My own preference is to use rxvt since it enjoys a much smaller memory footprint than xterms typically do. The -sb option gives me a very handsome scrollbar; -sl 200 saves 200 lines of output at a time; and the -e option instructs rxvt to execute everything following it on the command line.

    After doing this you can decrease the window size substantially by using a small font. Depending on how rxvt was compiled, you may be able to interactively change the font size using the ALT-< key combination (or the ALT->) -- on rxvt version 2.18 this causes a smaller font to be used. You can also specify which font to use when you invoke rxvt itself using the -fn option. Using a six or seven point font gives you a small, but still readable window.

Now, if you start up a second rxvt and run top in it, you'll find that this will give you a good idea of what's going on with your system. On my box, this looks like:

Rxvt with tail and top

Obviously, there are MUCH more elegant and sophisticated solutions than running a couple rxvt's with top and tail. However, this is VERY easy to setup and, if you add a stanza to do this in your window manager configuration file, or add this to a menu or buttonbar, then it's very convenient as well.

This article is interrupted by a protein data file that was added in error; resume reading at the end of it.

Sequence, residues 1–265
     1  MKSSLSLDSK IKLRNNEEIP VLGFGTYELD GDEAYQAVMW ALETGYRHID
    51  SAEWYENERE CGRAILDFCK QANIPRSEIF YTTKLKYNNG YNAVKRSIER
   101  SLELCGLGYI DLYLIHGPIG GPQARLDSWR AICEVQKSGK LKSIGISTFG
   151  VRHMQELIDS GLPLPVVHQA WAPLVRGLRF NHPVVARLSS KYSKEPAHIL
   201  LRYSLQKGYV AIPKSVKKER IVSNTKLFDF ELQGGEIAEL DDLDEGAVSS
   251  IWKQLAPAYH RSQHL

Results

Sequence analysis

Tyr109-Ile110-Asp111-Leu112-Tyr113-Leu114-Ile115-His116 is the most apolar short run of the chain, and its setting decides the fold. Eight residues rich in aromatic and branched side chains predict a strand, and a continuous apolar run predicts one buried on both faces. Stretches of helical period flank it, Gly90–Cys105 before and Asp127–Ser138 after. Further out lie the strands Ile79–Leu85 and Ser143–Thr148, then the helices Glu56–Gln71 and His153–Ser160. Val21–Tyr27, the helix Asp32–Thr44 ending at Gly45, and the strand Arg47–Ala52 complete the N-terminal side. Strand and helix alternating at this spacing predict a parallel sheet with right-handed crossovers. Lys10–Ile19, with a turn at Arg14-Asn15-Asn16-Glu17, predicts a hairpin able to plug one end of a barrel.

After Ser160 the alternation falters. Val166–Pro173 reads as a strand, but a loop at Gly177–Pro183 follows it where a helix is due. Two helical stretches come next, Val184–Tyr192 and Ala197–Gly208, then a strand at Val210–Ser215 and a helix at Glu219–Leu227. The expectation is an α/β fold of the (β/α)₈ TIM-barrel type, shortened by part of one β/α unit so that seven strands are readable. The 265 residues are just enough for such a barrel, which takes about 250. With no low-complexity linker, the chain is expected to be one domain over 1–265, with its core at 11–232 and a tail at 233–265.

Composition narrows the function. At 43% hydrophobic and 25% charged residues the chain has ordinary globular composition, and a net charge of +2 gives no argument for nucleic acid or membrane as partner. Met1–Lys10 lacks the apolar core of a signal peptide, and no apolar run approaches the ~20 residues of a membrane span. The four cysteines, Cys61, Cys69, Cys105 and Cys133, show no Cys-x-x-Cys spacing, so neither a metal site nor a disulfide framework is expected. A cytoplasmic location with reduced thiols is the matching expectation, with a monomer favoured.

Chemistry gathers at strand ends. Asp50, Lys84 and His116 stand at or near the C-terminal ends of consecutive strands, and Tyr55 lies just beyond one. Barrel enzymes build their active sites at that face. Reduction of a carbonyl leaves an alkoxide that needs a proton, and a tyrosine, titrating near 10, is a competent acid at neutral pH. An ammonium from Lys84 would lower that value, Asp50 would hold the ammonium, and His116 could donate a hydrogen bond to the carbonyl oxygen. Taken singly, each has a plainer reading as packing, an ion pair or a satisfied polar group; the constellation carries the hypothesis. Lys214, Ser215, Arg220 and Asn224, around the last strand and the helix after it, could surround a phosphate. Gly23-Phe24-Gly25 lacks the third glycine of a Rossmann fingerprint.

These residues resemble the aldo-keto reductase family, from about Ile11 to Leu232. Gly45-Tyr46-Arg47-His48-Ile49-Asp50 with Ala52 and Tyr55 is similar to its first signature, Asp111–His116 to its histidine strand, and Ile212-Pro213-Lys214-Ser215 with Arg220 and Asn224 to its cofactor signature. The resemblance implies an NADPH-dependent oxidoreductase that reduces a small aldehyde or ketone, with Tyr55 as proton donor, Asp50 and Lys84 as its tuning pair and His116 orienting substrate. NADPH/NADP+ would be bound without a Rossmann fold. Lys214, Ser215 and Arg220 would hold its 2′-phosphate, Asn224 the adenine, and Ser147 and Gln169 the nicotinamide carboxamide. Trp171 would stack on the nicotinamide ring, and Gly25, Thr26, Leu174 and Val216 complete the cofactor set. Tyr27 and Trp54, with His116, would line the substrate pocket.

I've also tinkered around with writing a small tcl/tk script that some of you might be interested in. The syslogtk script is a VERY simple little program that allows you to easily view any of the logging files under /var/adm. On startup, it adds a menu item for each readable, regular file under /var/adm which will then allow you to view that file. It also automagically loads the /var/adm/syslog file. I've added a couple buttons to resize the text window, move to the head and end of the file, and to update the logging (this was a bit of a kludge since I found that the tail process would "hang" after pppd terminated. Any ideas as to why this would happen... anyone?)

I've used this for the past little bit and really like it -- especially since it lets me quickly see the status of things such as mail and print jobs. Here's a screen dump of it in its "normal" and "maximized" states:

syslogtk image

The syslogtk program minimized.

syslogtk (max) image

The syslogtk program maximized.